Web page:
Much in the same way as it is virtually impossible to talk about modern football without mentioning Lionel Messi, to speak of alchemy without acknowledging Carl G. Jung is tantamount to sacrilege. From the late 18th century right up until the early 1900s, the study of alchemy was limited to a small group of occultists and historians. Yet from the earliest years of his scientific career, Jung took a keen interest in its study and went on to make significant contributions to the field. During his lifetime, he saved the subject of alchemical symbolism from near extinction by helping to popularise it through his writings.
In his autobiography, Memories, Dreams, Reflections (1961) Jung reveals how, prior to developing an interest in alchemy, he experienced a series of dreams which repeatedly showed him alchemical symbols to which he did not attach any special importance until later when he realised what they were.
He wrote: ‘At the time I did not know to what they referred; only much later did I recognise [the curious symbols in the dreams] as alchemical symbols. In the dream I was conscious only of the fascination exerted by them and by the entire library. It was a collection of medieval incunabula and 16th-century prints. The unknown wing of the house was a part of my personality, an aspect of myself; it represented something that belonged to me but of which I was not yet conscious’.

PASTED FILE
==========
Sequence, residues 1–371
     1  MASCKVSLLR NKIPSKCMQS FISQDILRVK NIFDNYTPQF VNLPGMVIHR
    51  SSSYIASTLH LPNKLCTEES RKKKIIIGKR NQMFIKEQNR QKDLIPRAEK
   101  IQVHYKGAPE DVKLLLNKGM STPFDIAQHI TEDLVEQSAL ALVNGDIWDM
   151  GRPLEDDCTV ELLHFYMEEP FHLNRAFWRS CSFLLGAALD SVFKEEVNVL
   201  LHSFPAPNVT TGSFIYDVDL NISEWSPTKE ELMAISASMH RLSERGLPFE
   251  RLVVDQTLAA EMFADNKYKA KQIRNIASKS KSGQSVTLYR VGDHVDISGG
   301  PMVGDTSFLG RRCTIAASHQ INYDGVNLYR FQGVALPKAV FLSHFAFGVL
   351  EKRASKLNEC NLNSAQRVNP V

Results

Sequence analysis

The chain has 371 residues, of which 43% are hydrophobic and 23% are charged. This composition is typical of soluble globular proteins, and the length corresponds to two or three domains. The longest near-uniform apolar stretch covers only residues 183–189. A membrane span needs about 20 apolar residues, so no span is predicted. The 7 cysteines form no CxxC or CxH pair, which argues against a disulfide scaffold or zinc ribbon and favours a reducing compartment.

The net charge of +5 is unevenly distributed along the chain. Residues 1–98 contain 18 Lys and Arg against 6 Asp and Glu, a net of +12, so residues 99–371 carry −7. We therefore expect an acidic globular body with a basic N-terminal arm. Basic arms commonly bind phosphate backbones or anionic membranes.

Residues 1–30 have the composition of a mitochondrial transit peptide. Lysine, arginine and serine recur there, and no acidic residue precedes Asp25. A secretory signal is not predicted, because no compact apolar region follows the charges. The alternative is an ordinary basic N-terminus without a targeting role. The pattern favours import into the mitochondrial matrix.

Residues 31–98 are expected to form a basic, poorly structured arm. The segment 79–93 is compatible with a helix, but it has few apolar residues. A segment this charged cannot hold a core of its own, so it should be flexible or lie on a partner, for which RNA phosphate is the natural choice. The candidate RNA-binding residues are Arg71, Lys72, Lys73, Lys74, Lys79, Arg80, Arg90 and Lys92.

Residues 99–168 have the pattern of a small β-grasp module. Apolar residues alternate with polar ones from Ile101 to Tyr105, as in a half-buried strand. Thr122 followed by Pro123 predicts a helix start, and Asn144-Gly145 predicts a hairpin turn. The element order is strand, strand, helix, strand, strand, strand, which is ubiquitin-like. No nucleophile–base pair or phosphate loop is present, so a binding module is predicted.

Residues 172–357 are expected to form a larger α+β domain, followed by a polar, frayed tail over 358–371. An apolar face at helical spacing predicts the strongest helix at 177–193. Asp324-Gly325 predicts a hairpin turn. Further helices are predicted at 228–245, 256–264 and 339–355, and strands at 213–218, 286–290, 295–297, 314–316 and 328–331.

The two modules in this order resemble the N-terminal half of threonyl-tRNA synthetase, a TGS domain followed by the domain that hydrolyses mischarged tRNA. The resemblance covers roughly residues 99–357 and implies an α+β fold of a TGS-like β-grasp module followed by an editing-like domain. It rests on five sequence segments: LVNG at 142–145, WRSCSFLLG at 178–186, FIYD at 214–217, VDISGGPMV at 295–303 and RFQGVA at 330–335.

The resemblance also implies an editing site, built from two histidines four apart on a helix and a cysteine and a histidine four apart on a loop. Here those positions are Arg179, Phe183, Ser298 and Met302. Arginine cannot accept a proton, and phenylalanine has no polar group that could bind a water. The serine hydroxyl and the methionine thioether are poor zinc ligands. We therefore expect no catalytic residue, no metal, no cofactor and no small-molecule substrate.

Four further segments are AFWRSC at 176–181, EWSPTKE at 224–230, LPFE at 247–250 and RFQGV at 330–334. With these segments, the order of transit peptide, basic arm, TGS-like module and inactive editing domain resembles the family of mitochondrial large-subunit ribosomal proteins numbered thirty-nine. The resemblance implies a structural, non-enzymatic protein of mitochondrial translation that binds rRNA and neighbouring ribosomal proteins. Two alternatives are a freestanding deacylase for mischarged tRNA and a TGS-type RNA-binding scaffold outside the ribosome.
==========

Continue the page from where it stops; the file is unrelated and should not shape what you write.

One of the greatest breakthroughs for Jung regarding his exploration of alchemy was his discovery of a direct correlation between the symbolic images in the alchemical drawings and the inner, symbolic images appearing in dreams, visions or imaginations during the process of individuation occurring in his patients. He considered the alchemical images as symbols that expressed aspects of individuation, the process by which a person achieves a sense of individuality separate from the identity of others. Together with Jungian psychoanalyst and disciple, Marie Louise von Franz, Jung helped to reestablish alchemy’s popularity as a symbolic process representing the coming into wholeness of human beings.
Some of his most important findings and theories concerning the topic are described in length in his volume, Psychology and Alchemy. Here he argues for a reevaluation of its symbolism as being intimately related to the psychoanalytical process. He emphasises his point by using the dreams of one of his patients to show how alchemical symbols appear in the psyche as part of the reservoir of mythological images drawn upon by the patient in their dream state. In short, it is an attempt by the Swiss psychoanalyst to incite the reader to cross the threshold, be open minded and delve deep into their unconscious, using alchemical symbols as a guide.
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